Aug. 15, 2008, 10:42 a.m. (ET)

BEIJING (AP) Five foreign activists were deported after they scaled a landmark building in Beijing on Friday to unfurl a "Free Tibet" banner over an Olympics billboard in the latest protest during the games.

Students for a Free Tibet said the protesters - three Americans, a Briton and a Canadian - were detained by police after hanging the banner from the new headquarters of state-owned China Central Television, which is still under construction and is notable for having a shape likened to a twisted "Z."

Britain's Sky News shot footage of the protest, showing the helmeted activists draped in Tibetan nationalist flags and dangling from ropes as they hung the black-and-white banner about 20 feet off the ground. Police quickly took the banner down.

The activists chose the CCTV building because it represents the government's use of state media to spread propaganda, spokesman Kurt Langer said.

"They're trying to whitewash their human rights record and present a pretty picture to the world when, in fact, behind the facade is an ugly reality and the situation in Tibet is as bad as it's been in a very long time," Langer told The Associated Press by phone.

The Beijing Public Security Bureau said in a faxed reply to questions that the protesters had "engaged in activities that violated Chinese law." Police have ordered the activists to leave the country, it said.

The group's campaign director, Kate Woznow, confirmed the five activists were deported later Friday.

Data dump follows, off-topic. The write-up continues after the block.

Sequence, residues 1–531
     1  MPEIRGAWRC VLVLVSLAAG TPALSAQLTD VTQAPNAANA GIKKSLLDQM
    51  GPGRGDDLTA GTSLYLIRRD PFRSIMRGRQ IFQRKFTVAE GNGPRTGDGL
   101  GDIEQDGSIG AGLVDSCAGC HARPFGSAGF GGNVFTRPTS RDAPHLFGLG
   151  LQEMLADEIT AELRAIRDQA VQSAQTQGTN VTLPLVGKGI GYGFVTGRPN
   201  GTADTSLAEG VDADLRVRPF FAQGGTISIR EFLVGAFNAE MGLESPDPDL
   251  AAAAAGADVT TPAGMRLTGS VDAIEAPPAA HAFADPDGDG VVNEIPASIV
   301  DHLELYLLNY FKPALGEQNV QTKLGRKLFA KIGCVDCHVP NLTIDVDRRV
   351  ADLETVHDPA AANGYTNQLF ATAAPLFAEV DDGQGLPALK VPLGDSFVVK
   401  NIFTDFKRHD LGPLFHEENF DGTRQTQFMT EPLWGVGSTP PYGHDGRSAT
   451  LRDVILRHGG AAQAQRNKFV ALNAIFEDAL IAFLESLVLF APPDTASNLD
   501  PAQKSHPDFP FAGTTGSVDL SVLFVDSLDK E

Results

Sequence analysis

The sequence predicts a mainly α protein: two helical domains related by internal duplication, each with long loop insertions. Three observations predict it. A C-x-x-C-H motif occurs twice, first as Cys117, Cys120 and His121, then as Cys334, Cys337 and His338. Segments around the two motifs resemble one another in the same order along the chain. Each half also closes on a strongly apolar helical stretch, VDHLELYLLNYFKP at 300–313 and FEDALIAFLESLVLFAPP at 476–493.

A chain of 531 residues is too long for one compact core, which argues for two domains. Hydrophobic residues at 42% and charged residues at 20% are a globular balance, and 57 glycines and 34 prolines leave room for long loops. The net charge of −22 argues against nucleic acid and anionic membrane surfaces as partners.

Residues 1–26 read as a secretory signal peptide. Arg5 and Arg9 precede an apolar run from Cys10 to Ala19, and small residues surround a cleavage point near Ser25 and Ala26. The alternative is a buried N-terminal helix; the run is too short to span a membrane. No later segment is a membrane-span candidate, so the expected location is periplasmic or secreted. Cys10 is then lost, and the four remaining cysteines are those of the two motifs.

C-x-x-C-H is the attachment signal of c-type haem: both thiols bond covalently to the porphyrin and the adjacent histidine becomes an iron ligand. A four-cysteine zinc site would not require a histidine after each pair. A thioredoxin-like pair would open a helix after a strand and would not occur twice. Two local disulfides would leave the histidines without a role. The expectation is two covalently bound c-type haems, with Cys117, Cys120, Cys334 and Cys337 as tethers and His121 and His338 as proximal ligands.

It was the latest in a series of protests by activists who have sought to use the Olympic Games to criticize China for alleged repressive rule in Tibet, rights abuses and religious restrictions. Other foreign demonstrators have been quickly deported.

The action came a day after the International Olympic Committee urged China to allow foreign reporters at the games to report freely after a British journalist trying to cover a protest said he was manhandled by police.

Activists have also complained that protest zones designated by Beijing organizers were set up as a way to catch dissidents - not let them speak out. At least one person who applied to hold a demonstration in one of three protest parks was detained by police.

An IOC spokeswoman at a daily briefing was peppered with questions Thursday about a British TV journalist who said he was dragged into a police van the day before while trying to cover an unauthorized protest. Police said they mistook him for a protester.

Spokeswoman Giselle Davies said the committee disapproves of any attempts to hinder journalists and hopes that such incidents will not happen again.

In its bid to win the Olympics, China promised to loosen some aspects of its autocratic rule, including allowing the media to report freely and unblocking restricted Web sites for journalists.

It set up three protest parks - all well away from Olympic venues - in a gesture toward greater free speech.

But China said would-be protesters would have to apply for permission in advance. A week into the Beijing Games, there has been no sign of demonstrations at the parks.

Sporadic flare-ups in other parts of the city suggest the absence of demonstrations is not for lack of dissent.

Wang Wei, vice president of the local organizing committee, suggested Thursday that critics were nitpicking. He called the protest parks "one step further for China to open up."

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Associated Press writers Henry Sanderson and Stephen Wade contributed to this report.